About

Peggy Mason

Bio: Peggy Mason grew up in the Washington DC area and worked in taxidermy at the Smithsonian Museum of Natural History under the direction of the late Dr Charles O Handley Jr. She went to college at Harvard, graduating with a degree in Biology in 1983. She received her PhD in Neuroscience from Harvard in 1987. After postdoctoral work at the University of California - San Francisco under the direction of Dr Howard Fields, she joined the faculty at the University of Chicago in 1992. Dr Mason is now Professor of Neurobiology. Dr Mason is committed to teaching neurobiology to anyone that will listen. She has taught medical students since her arrival at UChicago, with the exception of a 2 year hiatus during which she wrote a textbook, Medical Neurobiology (Oxford University Press, 2011). Dr Mason also teaches undergraduates both on the Chicago campus and in Paris! She is a sought after mentor. Dr Mason is now offering a massively open on-line course, Understanding the Brain: The Neurobiology of Everyday Life. It is not too late to join an enthusiastic group of NeuroMOOCers that number 41,000 and counting (https://www.coursera.org/course/neurobio). Dr Mason has won several awards for her teaching and mentoring. For more than 20 years, Dr Mason's research was focused on the cellular mechanisms of pain modulation. In the last 5 years, she has turned her gaze to the biology of empathy and pro-social behavior. For a lively discussion of her empathic helping work, see her Reddit AMA at: http://www.reddit.com/r/science/comments/23o5w4/science_ama_series_hi_im_peggy_mason_i_study/

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10 Comments »

  1. Hats off to your efforts in spreading the awareness about “the matter” through Neurobiology course on Coursera. It has rekindled my interest to pursue higher studies in the field. How can I be your mentee? I am a 49 year old behavioral change facilitator & a coach, with 27 years of work experience in diverse areas.

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  2. Hi Peggy,

    Thanks for a quick response. What I like is your dexterity, be it technology or the science; you are au fait.
    Well, I am based out of Hyderabad, a metro in South India. I see that you grew up in DC. I have some very fond memories of my stay there, when I was based out of Bolling AFB in 2009 (especially the Cherry blossoms’ around this time, besides the visits to museums and monuments nearby).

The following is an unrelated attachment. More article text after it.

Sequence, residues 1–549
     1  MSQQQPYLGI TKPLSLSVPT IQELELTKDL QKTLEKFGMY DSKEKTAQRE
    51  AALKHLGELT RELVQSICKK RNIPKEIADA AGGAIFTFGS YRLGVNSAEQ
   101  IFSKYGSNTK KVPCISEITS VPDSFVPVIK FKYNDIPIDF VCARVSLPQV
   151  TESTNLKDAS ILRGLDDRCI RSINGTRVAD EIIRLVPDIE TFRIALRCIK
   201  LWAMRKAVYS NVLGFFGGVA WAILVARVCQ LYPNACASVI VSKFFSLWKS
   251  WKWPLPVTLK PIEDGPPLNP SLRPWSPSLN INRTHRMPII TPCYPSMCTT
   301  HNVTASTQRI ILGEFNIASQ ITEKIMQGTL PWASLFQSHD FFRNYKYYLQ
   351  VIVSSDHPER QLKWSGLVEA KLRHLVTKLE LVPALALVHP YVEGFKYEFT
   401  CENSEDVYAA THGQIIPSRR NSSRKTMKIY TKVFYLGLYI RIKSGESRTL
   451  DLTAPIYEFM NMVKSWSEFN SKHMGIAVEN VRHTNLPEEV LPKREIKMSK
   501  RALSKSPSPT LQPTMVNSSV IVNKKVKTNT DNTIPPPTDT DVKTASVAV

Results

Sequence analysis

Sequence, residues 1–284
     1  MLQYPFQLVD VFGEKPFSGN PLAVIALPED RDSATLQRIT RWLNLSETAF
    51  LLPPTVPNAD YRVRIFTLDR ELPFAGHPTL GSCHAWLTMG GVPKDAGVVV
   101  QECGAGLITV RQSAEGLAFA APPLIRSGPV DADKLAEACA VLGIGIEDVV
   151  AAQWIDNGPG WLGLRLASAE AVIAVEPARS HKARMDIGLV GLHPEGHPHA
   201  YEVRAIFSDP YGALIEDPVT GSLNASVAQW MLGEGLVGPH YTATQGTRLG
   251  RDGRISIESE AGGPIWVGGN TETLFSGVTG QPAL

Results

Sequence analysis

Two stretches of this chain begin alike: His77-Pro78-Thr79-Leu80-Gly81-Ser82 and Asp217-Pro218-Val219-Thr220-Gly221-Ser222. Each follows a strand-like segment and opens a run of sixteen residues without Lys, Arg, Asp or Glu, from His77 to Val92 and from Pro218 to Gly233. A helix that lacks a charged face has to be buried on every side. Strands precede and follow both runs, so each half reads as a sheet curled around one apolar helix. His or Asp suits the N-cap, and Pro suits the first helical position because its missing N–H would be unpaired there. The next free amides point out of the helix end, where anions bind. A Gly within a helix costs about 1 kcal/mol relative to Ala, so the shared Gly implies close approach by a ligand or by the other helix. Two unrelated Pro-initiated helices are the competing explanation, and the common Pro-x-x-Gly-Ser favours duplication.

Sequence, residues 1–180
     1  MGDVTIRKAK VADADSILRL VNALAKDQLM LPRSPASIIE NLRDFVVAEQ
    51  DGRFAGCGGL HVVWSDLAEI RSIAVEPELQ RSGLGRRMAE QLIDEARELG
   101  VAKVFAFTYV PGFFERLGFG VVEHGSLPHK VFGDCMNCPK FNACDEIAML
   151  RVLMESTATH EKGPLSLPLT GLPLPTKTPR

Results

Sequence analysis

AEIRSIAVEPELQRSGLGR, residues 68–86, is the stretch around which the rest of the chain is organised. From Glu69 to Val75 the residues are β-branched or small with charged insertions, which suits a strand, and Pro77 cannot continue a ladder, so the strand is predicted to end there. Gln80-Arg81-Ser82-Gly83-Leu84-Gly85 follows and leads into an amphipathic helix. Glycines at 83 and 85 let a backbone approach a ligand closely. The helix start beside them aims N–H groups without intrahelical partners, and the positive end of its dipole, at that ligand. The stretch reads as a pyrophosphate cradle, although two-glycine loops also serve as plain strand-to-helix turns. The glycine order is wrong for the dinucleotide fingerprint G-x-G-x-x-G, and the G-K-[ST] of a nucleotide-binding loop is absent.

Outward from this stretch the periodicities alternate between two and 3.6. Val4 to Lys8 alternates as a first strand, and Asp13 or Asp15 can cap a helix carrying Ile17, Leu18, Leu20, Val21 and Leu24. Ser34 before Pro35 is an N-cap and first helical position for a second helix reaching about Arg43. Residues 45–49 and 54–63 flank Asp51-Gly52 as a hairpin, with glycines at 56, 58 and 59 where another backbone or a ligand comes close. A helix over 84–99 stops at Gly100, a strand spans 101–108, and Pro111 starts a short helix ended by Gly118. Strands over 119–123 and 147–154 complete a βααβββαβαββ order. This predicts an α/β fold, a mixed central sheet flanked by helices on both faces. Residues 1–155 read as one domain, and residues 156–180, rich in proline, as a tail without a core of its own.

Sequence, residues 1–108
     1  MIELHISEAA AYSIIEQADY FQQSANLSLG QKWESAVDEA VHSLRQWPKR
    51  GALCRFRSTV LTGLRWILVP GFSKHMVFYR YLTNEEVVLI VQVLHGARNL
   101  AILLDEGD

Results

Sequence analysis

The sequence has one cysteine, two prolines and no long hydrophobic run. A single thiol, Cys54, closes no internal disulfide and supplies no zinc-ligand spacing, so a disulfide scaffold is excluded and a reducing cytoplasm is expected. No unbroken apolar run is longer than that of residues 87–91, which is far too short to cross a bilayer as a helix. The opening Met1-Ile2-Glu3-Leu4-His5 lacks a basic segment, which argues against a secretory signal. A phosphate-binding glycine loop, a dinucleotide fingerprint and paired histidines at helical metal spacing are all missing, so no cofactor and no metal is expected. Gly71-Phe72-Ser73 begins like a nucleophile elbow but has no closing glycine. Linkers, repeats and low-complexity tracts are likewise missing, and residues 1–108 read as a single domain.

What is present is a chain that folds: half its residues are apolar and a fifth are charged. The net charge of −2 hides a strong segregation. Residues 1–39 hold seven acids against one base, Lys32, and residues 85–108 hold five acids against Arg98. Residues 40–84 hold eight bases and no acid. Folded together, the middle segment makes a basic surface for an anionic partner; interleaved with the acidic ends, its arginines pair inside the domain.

Cheers,
    Mahesh.

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  3. Hi Professor !! Nice to see you again !! Do you remember me? I’m Alessandro Balzerani, the “Italian biker” that frequented your amazing course in 2015. I’ve sent you a pic on Twitter … taken from my final project ““A motorbike day on track – neurobiology of the speed”. Cheers 🙂

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  4. Dr. Mason,

    I am taking your class online. Thank you for putting so much effort into this class and for your sense of humor 🙂 I am really enjoying every video.

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    • It’s such a good question. One definition of pain (this is from Howard Fields) is that it is an unpleasant perception that arises from a part or parts of the body and is commonly associated with tissue damage. By this definition itch would be pain. It’s unpleasant and comes from a part of the body. But we all have different words for pain and itch and that belies a deeper truth that they are distinct perceptions. Laboratory researchers working in non human animals define itch as something that elicits scratching and pain as something that elicits shaking biting ducking or guarding. [Think of a kid and how they react to an injury to picture this.]

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